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Judge agrees with WLSC: Medical, Vocational Evidence Rules Out PTD Claim

Aug 11, 2013 - News by

Claimed L2 back injury didn’t prevent work, work and more work

Allison Chittem Hartnett and Lourdes C. de Armas-Suarez obtained a favorable ruling on behalf of WLSC’s Employer/Carrier client, defeating a workers’ compensation permanent and total disability claim. The Claimant in this case was working as a mezzanine installer when he suffered a compensable fall from a mezzanine and injured his back.

Medical treatment was authorized and the Claimant was diagnosed with a L2 compression fracture. Back surgery was performed and the Claimant was placed at maximum medical improvement approximately one year thereafter. Subsequently, the Claimant treated with a psychiatrist, Dr. Diaz, and a physiatrist, Dr. Tannenbaum. After previously filing and dismissing Petitions for Benefits twice before, the Claimant filed a third claim for Permanent and Total Disability benefits asserting that based on his physical and vocational limitations, he was unable to work in a sedentary capacity within fifty miles of his home. The defense theory was that the Claimant had shown the ability to work throughout the years and that surveillance called into question his credibility.

During the three day workers’ compensation trial, medical and vocational evidence was presented to the Court from both the Claimant and the Defendants. With regard to the Claimant’s psychological state, the treating psychiatrist, Dr. Diaz, testified that the Claimant was capable of working on a full duty work status with limitations on pace and concentration. As for the Claimant’s physical condition, the treating physiatrist, Dr. Tannenbaum, opined that the Claimant’s work restrictions included a 20 to 30 pound lifting restriction, and allowance of stretching every hour or two. During Dr. Tannenbaum’s deposition, the doctor was presented with a surveillance video of the Claimant. Dr. Tannenbaum did not believe that the contents of the surveillance video was consistent with the manner in which the Claimant presented himself within the doctor’s office.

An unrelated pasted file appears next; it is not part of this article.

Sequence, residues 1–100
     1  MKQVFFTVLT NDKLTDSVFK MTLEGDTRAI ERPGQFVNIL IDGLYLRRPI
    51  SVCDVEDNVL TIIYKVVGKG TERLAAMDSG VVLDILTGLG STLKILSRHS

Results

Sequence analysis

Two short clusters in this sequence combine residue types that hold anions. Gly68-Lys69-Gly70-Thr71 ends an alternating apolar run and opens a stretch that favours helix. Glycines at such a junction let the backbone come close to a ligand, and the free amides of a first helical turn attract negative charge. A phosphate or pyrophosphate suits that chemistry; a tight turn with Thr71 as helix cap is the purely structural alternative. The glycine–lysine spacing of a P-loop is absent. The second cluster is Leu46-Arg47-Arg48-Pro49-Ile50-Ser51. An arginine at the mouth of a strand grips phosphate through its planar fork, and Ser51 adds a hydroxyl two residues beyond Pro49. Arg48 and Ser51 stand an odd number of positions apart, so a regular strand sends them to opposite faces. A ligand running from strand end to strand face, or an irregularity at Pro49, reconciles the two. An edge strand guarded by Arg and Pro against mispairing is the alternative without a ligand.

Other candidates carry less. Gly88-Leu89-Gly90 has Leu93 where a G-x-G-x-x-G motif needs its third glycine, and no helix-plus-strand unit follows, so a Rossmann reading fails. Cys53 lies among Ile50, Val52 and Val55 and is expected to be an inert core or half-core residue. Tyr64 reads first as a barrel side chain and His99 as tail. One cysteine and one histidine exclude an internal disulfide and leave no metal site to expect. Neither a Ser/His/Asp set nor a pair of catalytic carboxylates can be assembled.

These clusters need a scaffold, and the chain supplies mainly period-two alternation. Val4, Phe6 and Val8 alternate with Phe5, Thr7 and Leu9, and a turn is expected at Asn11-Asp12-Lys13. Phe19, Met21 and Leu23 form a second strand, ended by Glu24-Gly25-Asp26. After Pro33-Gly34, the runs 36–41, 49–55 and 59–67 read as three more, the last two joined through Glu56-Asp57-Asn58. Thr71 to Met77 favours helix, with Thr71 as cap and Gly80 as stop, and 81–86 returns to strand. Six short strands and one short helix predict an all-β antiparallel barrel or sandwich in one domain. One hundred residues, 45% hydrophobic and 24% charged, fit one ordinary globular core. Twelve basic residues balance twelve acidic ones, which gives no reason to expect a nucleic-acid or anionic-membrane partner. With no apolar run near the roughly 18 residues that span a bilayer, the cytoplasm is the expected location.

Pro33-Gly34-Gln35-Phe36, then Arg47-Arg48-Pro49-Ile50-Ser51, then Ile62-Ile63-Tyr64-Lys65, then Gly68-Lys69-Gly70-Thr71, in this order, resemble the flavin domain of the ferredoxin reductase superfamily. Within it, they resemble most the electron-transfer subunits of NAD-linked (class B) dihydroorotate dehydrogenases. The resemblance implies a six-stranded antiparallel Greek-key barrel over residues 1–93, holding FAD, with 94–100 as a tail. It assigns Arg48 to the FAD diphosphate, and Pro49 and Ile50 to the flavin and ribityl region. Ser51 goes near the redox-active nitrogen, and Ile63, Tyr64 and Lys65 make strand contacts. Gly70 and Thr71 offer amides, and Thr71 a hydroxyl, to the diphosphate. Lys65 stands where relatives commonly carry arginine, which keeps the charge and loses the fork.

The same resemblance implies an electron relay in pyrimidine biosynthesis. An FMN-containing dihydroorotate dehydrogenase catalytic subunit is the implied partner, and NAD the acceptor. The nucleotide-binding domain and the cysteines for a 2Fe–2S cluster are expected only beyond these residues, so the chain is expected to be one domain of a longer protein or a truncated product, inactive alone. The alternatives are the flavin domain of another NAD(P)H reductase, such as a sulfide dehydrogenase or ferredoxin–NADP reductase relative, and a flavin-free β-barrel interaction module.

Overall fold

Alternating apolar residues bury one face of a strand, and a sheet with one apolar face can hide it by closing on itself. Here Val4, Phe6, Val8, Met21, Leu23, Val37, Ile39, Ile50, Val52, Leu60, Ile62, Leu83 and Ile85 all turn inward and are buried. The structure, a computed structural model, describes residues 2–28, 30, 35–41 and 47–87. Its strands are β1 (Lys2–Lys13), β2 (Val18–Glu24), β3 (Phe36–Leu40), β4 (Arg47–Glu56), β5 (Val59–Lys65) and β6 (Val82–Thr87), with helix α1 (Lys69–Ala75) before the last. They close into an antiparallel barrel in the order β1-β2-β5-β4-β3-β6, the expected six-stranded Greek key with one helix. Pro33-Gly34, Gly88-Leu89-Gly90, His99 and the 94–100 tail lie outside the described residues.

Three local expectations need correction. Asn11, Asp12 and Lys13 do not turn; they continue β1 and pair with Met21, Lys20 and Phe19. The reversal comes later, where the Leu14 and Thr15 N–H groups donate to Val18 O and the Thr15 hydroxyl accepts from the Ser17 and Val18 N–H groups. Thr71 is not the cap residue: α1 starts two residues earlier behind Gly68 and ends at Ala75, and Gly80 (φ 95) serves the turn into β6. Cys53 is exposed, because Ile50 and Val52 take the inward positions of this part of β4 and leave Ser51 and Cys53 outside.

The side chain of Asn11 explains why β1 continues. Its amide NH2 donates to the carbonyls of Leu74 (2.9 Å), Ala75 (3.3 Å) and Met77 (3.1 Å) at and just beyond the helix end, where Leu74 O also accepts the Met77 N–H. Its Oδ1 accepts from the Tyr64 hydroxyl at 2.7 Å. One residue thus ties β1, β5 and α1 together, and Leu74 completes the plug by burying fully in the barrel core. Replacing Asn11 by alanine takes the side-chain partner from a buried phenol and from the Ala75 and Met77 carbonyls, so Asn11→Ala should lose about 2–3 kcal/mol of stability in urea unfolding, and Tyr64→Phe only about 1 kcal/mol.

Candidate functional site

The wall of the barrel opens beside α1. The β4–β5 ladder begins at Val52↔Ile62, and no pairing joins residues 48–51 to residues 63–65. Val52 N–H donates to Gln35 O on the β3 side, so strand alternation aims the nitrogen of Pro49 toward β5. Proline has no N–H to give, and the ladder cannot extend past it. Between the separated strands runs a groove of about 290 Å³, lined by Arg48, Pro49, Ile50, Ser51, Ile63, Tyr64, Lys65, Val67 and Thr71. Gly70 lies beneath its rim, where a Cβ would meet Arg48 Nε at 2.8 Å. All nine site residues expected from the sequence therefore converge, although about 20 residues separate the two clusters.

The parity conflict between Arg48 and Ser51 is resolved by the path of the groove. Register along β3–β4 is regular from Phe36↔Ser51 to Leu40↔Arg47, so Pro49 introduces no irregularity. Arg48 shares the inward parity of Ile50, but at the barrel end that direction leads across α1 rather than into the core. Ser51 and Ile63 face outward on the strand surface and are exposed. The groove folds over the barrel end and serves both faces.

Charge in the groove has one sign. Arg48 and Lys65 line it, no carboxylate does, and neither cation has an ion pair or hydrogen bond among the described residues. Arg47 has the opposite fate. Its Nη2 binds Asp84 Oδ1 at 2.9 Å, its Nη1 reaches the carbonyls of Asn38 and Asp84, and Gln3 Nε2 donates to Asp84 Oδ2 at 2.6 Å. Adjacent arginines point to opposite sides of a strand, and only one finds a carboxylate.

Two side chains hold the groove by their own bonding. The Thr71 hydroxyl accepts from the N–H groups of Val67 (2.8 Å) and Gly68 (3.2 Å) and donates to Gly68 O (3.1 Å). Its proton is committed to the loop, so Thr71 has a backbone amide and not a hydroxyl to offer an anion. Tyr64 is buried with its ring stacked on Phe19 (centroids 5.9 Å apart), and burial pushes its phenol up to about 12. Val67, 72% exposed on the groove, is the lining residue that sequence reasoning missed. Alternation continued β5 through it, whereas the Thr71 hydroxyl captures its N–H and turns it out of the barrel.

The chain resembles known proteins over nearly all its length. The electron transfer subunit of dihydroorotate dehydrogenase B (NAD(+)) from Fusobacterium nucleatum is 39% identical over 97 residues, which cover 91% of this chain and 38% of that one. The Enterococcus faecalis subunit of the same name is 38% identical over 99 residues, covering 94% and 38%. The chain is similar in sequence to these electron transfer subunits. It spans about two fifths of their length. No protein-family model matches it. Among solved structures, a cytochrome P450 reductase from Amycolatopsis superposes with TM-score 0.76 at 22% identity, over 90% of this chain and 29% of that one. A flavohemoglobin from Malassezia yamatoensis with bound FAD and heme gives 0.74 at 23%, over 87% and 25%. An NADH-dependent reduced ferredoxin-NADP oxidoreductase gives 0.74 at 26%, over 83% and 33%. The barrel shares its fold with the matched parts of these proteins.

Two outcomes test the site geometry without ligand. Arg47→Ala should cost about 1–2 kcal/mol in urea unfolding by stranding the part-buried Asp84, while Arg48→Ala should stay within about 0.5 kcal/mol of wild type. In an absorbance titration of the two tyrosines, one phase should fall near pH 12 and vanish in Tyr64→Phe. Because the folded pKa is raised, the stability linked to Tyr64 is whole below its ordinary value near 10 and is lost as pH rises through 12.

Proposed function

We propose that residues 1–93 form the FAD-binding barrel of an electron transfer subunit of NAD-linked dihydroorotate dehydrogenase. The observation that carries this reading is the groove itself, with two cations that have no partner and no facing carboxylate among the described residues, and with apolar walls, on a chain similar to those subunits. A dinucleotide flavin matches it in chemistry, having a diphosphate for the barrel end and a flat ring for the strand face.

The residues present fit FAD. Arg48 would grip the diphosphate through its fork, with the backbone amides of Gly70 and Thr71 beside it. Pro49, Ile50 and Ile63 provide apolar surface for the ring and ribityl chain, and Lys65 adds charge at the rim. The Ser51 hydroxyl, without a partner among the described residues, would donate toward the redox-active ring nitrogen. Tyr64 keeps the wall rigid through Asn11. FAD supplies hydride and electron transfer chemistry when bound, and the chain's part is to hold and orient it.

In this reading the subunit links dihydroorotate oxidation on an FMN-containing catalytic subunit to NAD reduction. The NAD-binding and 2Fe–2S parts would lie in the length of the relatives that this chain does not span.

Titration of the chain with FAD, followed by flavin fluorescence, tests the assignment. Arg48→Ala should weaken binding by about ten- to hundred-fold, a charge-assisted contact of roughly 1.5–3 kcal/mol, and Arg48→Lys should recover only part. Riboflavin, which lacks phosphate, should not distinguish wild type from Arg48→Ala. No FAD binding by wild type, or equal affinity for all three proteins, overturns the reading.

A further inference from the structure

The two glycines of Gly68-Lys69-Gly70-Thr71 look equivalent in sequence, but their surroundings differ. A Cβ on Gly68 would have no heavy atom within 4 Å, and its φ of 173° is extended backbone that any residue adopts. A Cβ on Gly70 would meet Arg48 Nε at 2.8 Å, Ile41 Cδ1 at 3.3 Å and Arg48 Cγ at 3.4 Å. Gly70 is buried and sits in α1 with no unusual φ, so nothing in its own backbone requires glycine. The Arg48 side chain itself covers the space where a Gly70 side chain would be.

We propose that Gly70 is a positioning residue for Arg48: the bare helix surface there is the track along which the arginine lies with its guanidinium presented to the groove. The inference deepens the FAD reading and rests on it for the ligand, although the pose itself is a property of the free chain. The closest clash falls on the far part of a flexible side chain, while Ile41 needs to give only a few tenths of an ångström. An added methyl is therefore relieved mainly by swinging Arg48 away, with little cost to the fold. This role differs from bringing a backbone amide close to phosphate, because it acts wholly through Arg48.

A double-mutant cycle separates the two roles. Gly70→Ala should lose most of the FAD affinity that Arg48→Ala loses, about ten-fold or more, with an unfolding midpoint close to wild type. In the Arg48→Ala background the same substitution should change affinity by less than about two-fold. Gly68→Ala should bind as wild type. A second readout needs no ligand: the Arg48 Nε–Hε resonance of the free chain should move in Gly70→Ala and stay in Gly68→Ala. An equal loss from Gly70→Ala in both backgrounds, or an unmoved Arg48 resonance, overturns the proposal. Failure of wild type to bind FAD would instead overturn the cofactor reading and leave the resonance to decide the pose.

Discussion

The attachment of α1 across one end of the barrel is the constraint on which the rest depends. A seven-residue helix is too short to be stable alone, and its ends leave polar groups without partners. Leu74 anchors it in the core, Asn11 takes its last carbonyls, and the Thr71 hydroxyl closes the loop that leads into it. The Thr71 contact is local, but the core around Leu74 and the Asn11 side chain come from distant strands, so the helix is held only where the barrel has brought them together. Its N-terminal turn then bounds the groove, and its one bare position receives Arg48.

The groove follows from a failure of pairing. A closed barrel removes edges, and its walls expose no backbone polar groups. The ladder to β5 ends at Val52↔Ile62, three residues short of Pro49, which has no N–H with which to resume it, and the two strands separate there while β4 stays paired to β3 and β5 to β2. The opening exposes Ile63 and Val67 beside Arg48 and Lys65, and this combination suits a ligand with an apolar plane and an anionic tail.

Dr. Tannenbaum also opined that the Claimant had not been fully candid with him as to the Claimant’s abilities. Vocational experts’ opinions were also presented to the Court on behalf of both the Claimant and the Employer/Carrier.

In addition, Mrs. Hartnett and Mrs. de Armas-Suarez submitted evidence which ultimately established that the Plaintiffs’ had performed various jobs in a supervisory capacity after his work accident, including a job that required him to fly to the Turks and Caicos Islands, a job that required him to travel to other counties in Florida, and a job performing work in an automobile repair shop.

Evidence on behalf of the Employer/Carrier was also presented that the Claimant had his own business and had physiologically moved around sufficiently to work for his own business. After the conclusion of the trial, the Court issued a comprehensive Final Compensation Order stating that the medical and vocational evidence warranted a denial of the Claimant’s permanent total disability claim. The Judge found that the medical evidence demonstrated that the Claimant could at least work in a sedentary capacity within fifty miles from his home. The Judge also ruled that the evidence demonstrated that the Claimant was able to perform several jobs, could communicate in English, and worked as a supervisor post-accident and surgery.

The workers’ compensation Judge also found the Employer/Carrier’s vocational expert to be credible and accepted all of his opinions over the Claimant’s vocational expert. The Employer/Carrier vocational expert’s opinions substantiated that the Claimant could work from a vocational standpoint and that there was potential work available for the Claimant in the Miami-Dade County labor market, despite the Claimant’s vocational and physical limitations. Over the Claimant’s numerous objections to the surveillance tapes, the court admitted the surveillance into evidence.

Based on the surveillance and the Claimant’s demeanor at the trial, the Judge found the Claimant exaggerated the overall impact of his compensable accident and surgery, found inconsistencies in his deposition testimony and live testimony, and ultimately found him not to be a credible witness. In conclusion, the Court found that after considering all of the evidence, the Claimant did not prove that he was entitled to permanent total disability benefits.

— Lourdes de Armas-Suarez

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